When I was a little girl dreaming of doing big things (like staying up past 8 p.m.), I created a little world of make-believe in my bedroom: I would line up my stuffed animals and younger brother, announce, "Class is in session!" and insist they call me "Teacher." There was something exhilarating about the title. In my mind, "teacher" symbolized intelligence, competence and wielding unbridled power over my minions.
Every day, my toys and I covered reading, writing and no arithmetic—because it has never been my strong suit. I assigned homework, and if Pooh Bear didn't return it the next day, it was a detention for him!
I took my job very seriously.
As I grew older and more mature—e.g., I discovered "Beverly Hills 90210"—a love of writing held me hostage. If my nose wasn't in a book, I was creating original pieces. Poetry scribbled in different-colored pens replaced the mini-chalkboard on my bedroom walls. My world of make-believe now existed on paper. Each day, I recorded my innermost thoughts in a journal and actually thumbed through a thesaurus to learn new words. There was nothing sexier than "90210's" Brandon Walsh's good grades and extensive vocabulary.
No, I'm not kidding.
Fast-forward to my senior year of high school. I was preparing to attend college.
As a journalism major.
Shocked? My mom was too.
Mom: "Stephanie, you are meant to be an English teacher! It is in your bones!"
Me: "Yeah, I'm more interested in journalism. Maybe I'll be on the news."
Mom: "I'm sure you would be a great news anchor, but you were born to be a teacher."
My mom has a flair for the dramatic, but it is only fair to mention that I have a flair for the "once I make up my mind, you will not change it." Away I went to college, majoring in journalism.
What's that saying about when you're wrong, you should never admit it and waste two semesters' worth of your parents' money at college? There isn't one, because it is a bad, BAD idea.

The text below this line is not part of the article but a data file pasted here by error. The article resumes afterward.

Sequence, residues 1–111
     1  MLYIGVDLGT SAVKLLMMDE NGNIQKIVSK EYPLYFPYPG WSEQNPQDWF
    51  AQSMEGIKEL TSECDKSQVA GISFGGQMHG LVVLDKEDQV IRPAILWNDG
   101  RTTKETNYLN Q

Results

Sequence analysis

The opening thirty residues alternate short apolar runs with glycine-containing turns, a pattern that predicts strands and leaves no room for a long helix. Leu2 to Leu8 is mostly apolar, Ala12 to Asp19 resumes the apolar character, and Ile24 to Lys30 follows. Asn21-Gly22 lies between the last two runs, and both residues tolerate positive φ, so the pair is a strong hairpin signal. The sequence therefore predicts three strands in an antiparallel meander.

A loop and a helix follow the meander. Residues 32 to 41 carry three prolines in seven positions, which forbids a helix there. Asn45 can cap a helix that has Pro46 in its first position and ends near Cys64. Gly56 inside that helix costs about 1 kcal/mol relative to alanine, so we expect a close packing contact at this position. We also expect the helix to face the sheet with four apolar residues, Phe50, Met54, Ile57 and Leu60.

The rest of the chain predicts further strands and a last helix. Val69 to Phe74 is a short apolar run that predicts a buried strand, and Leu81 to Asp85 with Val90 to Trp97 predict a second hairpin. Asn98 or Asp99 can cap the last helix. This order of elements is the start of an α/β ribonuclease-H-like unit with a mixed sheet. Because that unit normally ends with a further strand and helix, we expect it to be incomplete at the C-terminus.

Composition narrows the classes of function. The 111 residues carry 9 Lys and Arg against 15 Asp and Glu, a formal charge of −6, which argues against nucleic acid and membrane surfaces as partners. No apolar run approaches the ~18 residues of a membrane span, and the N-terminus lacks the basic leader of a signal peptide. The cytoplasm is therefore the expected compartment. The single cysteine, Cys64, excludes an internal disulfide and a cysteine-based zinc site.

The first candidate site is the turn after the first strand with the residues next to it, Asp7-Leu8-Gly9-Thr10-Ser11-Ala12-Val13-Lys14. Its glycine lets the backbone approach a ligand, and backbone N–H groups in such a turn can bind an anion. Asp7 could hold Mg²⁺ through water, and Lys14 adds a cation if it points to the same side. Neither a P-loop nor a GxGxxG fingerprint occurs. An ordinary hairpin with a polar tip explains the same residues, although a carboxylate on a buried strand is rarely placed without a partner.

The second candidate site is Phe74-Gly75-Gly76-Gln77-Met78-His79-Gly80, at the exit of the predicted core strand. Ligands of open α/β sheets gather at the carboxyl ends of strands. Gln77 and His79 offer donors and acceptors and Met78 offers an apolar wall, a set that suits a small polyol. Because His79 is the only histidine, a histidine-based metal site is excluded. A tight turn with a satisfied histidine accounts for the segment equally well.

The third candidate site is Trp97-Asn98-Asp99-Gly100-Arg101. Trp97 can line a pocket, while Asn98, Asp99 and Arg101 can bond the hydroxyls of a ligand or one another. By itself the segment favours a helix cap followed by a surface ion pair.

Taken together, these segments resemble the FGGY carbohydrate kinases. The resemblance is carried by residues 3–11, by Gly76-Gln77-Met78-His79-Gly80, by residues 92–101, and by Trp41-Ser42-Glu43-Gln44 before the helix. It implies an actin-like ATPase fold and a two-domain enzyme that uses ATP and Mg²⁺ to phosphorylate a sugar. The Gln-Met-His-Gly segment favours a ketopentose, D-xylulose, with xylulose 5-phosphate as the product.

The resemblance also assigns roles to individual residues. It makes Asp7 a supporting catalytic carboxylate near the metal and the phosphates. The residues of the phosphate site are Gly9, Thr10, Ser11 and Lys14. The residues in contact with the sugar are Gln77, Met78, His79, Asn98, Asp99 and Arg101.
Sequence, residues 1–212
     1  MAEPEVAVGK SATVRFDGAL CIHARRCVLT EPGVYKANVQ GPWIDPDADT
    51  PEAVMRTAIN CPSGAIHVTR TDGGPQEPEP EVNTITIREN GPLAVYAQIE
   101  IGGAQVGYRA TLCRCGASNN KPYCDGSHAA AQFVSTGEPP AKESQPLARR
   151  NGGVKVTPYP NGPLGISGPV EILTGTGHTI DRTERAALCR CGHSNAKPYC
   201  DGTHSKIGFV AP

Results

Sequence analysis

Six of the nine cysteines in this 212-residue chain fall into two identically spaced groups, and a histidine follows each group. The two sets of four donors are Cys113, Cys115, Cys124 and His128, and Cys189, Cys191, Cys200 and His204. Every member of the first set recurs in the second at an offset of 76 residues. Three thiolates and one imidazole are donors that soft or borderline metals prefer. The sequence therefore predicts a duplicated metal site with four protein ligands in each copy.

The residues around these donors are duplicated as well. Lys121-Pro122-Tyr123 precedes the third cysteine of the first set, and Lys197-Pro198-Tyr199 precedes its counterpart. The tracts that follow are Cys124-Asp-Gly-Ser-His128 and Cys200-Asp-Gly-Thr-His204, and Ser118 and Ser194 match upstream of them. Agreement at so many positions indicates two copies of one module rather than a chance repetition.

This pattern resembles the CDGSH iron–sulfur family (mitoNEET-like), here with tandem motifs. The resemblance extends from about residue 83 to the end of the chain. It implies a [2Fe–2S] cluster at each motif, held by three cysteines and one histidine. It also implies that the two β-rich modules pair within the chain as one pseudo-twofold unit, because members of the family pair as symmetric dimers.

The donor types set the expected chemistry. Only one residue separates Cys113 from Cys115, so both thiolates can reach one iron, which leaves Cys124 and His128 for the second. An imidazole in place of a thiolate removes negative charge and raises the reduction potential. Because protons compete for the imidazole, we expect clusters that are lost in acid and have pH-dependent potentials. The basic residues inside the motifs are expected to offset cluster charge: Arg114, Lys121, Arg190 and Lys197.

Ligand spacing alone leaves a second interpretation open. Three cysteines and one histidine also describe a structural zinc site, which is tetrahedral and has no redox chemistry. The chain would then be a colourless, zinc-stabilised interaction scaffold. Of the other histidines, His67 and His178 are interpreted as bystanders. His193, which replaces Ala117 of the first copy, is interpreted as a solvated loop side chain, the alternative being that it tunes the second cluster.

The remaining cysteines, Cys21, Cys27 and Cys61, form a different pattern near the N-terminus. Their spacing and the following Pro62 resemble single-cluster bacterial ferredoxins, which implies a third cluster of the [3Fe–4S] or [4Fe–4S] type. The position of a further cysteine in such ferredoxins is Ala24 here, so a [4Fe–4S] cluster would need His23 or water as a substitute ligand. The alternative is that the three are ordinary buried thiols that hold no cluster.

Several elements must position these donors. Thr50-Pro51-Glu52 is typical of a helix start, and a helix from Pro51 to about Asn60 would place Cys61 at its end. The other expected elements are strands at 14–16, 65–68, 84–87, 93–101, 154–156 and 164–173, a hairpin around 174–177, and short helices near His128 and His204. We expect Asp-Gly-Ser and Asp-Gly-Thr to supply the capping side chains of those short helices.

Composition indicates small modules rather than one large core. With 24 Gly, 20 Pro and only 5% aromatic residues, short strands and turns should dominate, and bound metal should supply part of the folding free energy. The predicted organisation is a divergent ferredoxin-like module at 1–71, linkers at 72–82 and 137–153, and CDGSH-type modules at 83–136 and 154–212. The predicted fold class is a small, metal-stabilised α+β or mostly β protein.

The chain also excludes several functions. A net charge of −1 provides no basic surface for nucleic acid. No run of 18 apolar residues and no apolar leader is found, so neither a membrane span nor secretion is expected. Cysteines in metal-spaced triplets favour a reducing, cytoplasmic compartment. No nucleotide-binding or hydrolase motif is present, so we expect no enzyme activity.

I was miserable. I didn't like my classes, I wasn't crazy about my professors, and the only ray of sunshine in my academic day was my communications class, where I communicated with people instead of on paper. Turns out, I was pretty good at relaying information to others and ...
wait for it ...
I tucked my tail between my legs and returned home to tell my parents I wanted to change my major to education. I promised to work hard and make up for lost time, and avoided eye contact when that "I told you so" smile plastered itself across my mother's face.
Fifteen years and a few extra dollars later (sorry, Dad), I am a high school English teacher, certified in four different states, with traditional and virtual classroom experience under my proverbial belt. But the best part? My job rocks. How many people can say that they truly love what they do every day?
I just wish I had listened to my mom (don't tell her I said this). Silly, silly teenager. If only I had heeded the obvious signs. ...
Oh, and if your parent, especially the one who carried you for nine months, thinks you were born to be an English teacher, you go to college and become an English teacher.
Stephanie Jankowski loves words, hates math and has a penchant for making people uncomfortable with her honesty. An English teacher by trade and smack-talker by nature, you can find more of Stephanie on her blog WhenCrazyMeetsExhaustion.com